Many of us can remember feeling left out at school, seeing classmates having a conversation we’re not involved in. We listen from the side-lines, scared to say anything in case the bullies suddenly turn.
Many Muslims, like me, carry that feeling every single minute of every single day, whether we’re conscious of it or not. We self-censor and self-police what we say – and how we say it – because of our beliefs, because a seat at the table often feels like it’s enough. We don’t want to stir up a fuss by demanding a voice as well.
It was only after I converted to Islam fifteen years ago that I really started to notice how limited representations of Muslims were across all media. Nearly all the Muslims depicted in TV shows and movies in this time seem to have been cast by those who are either ignorant of or hostile towards the normative practices of almost two billion people. The archetypes have been angry and barbaric if male or submissive and oppressed if female.
This isn’t helped by the fact that there are so few Muslims involved in casting, and the few that are seem to be as influenced by the stereotypes as anyone else. And in today’s video games – an enormous industry with some two billion consumers – it seems like the only Muslims you see conform, perhaps in an even more reductionist manner to the archetypes found on TV or in movies.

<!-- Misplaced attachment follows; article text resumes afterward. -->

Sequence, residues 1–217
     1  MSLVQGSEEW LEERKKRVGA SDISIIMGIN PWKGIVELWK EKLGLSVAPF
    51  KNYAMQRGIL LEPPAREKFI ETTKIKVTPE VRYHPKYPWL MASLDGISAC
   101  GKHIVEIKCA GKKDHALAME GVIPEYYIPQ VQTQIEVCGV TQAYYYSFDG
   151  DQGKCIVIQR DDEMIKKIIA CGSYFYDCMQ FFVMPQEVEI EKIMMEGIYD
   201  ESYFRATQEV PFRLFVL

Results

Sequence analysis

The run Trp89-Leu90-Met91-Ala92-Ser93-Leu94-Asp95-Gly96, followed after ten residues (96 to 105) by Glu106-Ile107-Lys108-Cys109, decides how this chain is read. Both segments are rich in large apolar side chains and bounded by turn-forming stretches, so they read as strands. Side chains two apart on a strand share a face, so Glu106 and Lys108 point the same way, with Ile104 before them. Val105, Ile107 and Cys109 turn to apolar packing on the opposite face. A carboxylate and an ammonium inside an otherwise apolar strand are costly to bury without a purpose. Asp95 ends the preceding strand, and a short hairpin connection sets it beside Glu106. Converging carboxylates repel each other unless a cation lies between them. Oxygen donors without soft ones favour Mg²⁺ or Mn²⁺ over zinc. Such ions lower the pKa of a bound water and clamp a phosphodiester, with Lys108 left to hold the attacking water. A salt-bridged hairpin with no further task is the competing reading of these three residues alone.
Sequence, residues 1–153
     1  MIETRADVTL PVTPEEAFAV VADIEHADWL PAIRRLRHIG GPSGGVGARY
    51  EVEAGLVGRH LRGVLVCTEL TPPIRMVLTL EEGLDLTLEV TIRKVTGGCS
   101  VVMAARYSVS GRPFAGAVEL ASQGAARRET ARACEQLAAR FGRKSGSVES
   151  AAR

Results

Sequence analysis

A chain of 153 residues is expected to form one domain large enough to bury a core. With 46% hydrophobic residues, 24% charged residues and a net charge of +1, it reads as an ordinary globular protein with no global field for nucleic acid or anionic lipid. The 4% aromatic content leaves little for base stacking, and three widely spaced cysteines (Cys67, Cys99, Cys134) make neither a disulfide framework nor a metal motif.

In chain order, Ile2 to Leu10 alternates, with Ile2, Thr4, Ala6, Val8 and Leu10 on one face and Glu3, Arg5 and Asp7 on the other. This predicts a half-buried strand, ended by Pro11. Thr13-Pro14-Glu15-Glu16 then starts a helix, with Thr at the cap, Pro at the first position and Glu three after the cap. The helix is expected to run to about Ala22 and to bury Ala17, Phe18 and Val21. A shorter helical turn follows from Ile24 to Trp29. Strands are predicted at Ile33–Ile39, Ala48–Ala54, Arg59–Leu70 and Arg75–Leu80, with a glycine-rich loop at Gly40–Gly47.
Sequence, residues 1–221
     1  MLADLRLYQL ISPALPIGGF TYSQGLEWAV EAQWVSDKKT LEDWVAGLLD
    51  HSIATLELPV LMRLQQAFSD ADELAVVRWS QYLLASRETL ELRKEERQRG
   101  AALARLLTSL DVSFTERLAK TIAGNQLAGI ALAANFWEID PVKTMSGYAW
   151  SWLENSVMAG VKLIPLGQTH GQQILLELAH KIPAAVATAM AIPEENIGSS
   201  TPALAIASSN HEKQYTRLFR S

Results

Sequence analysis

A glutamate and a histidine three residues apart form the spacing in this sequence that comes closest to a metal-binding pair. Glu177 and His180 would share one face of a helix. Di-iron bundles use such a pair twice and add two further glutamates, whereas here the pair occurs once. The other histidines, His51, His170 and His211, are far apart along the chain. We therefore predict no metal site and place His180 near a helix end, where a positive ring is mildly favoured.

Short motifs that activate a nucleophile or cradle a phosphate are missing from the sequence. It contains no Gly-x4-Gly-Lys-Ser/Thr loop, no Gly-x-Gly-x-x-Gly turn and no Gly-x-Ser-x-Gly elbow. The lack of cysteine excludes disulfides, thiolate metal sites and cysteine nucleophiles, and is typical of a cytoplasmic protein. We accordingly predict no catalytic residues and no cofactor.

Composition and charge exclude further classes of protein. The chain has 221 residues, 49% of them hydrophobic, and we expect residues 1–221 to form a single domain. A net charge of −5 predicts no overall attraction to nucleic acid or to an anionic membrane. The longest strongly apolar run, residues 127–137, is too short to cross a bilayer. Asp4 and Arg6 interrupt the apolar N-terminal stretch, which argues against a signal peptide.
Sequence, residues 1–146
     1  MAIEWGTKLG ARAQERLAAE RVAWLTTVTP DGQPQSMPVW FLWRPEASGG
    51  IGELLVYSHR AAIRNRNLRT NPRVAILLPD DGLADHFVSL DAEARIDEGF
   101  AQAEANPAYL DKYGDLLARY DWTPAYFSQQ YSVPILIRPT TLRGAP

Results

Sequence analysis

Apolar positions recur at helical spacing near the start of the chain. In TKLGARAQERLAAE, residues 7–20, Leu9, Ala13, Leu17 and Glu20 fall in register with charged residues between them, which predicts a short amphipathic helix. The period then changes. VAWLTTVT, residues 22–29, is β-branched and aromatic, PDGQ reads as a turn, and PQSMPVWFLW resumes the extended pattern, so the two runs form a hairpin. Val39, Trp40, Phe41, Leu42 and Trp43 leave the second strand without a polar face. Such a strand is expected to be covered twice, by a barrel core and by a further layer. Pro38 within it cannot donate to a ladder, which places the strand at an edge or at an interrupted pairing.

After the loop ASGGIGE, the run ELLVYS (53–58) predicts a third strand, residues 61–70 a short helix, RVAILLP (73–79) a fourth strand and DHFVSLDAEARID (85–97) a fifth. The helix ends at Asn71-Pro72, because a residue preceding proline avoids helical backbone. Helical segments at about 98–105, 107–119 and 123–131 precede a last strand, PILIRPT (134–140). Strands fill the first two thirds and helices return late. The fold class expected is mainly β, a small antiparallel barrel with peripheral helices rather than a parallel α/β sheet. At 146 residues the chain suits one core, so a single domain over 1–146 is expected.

It’s been unnerving, too, to read articles, listen to podcasts and watch talks by industry voices talk about such games, while being totally divorced from the experience of Muslims. Anyone who is overtly Muslim is, in effect, excluded from these cultural spaces; their religion is not considered, nor mentioned as a positive influence, if mentioned at all.
“The vitriol I have personally received playing against others online has become so bad I just stopped playing altogether”
And that’s before you even get to the abusive nature of many gaming communities. The vitriol I have personally received playing against others online has become so bad I just stopped playing altogether, their playground insults bringing back to those horrible memories of racism as a child.
These experiences made me quite touchy and provocative when it came to my identity as a Muslim man, and it took me years to appreciate that my defensiveness wasn’t a productive strategy. So when Islamic Relief UK approached us at Ultimatum Games last year to build a new video game, I was hesitant. Then I became intrigued by the idea of finally giving Muslim voices a positive platform in video games. I felt a moral duty to get involved.
And so together we have created Virtue Reality, a game that teaches players how foreign aid works in a fun, engaging, accessible way, using Muslim characters with a range of skin tones and attire, from hijab to hard hat to hoodie.